WASHINGTON – Regulators want to make it easier for consumers to stop unwanted robocalls and spam text messages, which have led to a flood of complaints to federal agencies.
The head of the Federal Communications Commission on Wednesday proposed a series of rulings that would clarify rights for consumers under a 1991 law designed to protect their privacy and give phone companies the green light to offer call-blocking technologies.
The agency said the plan, which would close loopholes and strengthen consumer protections, would build off the 2003 Do Not Call Registry.
Under the proposal from FCC Chairman Tom Wheeler, consumers would no longer have to go to great lengths to revoke consent to receive automatically generated calls or text messages, such as submitting a request in writing.
Consumers would have the right to revoke their consent “in any reasonable way at any time,” including just telling the caller to stop.
The new rules would also prevent a consumer with a new phone number from being subjected to robocalls authorized by the number’s previous user. Telemarketers and others who use automatic dialing technology would have to stop calling after just one call if the number has been reassigned.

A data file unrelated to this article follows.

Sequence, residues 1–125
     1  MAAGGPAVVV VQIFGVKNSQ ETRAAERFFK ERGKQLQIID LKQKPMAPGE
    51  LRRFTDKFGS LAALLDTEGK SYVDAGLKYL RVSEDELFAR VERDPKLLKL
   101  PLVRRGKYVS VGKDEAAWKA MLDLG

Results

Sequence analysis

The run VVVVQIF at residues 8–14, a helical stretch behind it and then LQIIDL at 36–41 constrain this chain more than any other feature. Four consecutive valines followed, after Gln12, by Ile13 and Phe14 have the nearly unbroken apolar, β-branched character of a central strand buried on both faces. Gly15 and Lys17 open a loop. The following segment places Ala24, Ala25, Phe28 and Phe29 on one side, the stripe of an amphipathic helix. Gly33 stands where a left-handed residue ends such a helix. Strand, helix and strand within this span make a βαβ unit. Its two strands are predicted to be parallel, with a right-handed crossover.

Unwanted calls and texts are the top consumer complaint to the FCC. The agency received 215,000 such complaints last year.
The Federal Trade Commission, which jointly runs the Do Not Call Registry with the FCC, said it receives more than 150,000 complaints about robocalls each month.
Wheeler circulated his proposal to the FCC’s other four commissioners on Wednesday and plans to have them vote on it at the agency’s June 18 meeting.
The new rules come in response to more than 20 petitions the FCC has received from companies such as banks and debt collection services seeking clarifications about the agency’s interpretation of the 1991 law, which was written before wireless calling became popular.